Travel analytics firm ForwardKeys, which tracks inbound visitor data, expects The Bahamas’ tourism recovery to be atypical versus other Caribbean destinations struck by devastating hurricanes, a press release from the Ministry of Tourism and Aviation (MOTA) noted, adding that this country reached 80 percent of its pre-hurricane arrivals one month after Hurricane Dorian passed through the island chain.
According to ForwardKeys’ data in the release, Puerto Rico has taken 15 months to reach 70 percent of pre-hurricane arrivals, while St. Maarten has taken 20 months to reach the same.
“Hurricanes have been a major scourge, affecting travel to the Caribbean in recent years, with some islands left badly damaged,” the release stated.
“In the case of The Bahamas, ForwardKeys expects the recovery to take less time because the initial rebound in both post-hurricane arrivals has been stronger.”
The release also revealed that travel to the Caribbean in general remains firm since Dorian passed through the eastern Caribbean as a tropical storm and Category 1 hurricane, eventually passing over The Bahamas as a Category 5 storm.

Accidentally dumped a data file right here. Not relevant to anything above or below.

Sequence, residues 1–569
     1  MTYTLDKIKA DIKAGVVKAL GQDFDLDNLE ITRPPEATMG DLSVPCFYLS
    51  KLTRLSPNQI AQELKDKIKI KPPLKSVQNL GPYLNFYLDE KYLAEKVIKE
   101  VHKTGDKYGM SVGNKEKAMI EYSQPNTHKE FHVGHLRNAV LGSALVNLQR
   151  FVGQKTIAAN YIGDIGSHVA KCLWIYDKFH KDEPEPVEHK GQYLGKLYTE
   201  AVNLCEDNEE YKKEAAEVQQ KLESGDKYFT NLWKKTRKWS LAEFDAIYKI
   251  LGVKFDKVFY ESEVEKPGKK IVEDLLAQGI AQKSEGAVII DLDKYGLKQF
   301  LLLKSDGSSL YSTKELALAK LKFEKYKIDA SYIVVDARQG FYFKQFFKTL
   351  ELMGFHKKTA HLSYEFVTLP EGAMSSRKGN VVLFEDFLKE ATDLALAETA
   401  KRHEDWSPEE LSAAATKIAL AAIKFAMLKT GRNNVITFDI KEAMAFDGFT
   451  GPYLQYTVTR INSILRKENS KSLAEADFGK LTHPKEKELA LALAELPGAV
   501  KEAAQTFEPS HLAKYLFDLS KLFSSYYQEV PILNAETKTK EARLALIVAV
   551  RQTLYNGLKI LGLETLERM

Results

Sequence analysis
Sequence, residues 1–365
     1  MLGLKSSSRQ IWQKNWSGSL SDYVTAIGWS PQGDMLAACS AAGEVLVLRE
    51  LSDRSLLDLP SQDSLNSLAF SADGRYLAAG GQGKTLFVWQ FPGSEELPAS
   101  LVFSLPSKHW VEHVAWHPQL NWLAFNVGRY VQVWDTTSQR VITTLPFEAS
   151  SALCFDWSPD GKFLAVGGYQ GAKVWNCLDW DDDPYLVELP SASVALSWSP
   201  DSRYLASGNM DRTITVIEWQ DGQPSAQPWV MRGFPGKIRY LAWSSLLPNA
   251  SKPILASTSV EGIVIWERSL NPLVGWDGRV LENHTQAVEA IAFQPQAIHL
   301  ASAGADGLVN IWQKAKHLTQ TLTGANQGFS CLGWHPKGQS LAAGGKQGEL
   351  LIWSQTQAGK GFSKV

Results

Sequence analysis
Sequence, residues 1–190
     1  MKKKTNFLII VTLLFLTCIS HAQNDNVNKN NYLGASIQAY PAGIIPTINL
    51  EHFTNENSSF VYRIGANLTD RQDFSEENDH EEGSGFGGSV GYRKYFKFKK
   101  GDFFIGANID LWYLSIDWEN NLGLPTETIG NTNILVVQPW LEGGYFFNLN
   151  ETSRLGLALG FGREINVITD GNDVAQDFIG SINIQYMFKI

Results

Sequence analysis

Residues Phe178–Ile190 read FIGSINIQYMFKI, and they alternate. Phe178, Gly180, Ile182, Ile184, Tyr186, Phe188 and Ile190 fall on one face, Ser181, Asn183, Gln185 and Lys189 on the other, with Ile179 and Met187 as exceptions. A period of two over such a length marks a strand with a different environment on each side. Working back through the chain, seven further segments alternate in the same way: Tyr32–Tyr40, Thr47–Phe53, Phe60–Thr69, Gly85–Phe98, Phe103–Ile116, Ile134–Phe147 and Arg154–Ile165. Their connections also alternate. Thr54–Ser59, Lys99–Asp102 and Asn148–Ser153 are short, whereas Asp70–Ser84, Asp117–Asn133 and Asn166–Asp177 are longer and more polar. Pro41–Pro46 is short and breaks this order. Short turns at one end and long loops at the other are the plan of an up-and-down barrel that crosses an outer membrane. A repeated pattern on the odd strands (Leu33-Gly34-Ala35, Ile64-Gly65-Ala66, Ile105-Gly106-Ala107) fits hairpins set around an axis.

“A study undertaken by ForwardKeys revealed that despite the recent ravages of Hurricane Dorian and other huge storms in the Caribbean, tourism will continue to grow,” the release stated.
MOTA Director General Joy Jibrilu said in the release that The Bahamas’ unique geography allows its tourism industry to carry on after devastating storms impact part of the archipelago.
“The Bahamas is an archipelago with more than 700 islands and cays, spread over 100,000 square miles of ocean,” Jibrilu said.
“Because of our unique geography, a hurricane can impact some parts of the country, but leave other parts untouched. That is the case with Hurricane Dorian. The majority of our country remains beautiful and palm-fringed, with unspoiled beaches in several shades of white and pink.
“We would like everyone to know that the best thing they can do for us right now is visit.”
ForwardKeys Vice President of Insights Olivier Ponti added: “What we have seen in recent years is that the Caribbean is an incredibly popular destination. When some parts of it have been hit with horrendous hurricanes and other issues, tourists did not give up on their desire for a holiday in paradise; they chose other parts of it to visit instead.”
The government is hoping for tourism to rebound quickly on Grand Bahama and Abaco. It has been announced by the MOTA that Grand Bahama is already beginning to rebound, with several hotel properties reopened and cruises calling on the island.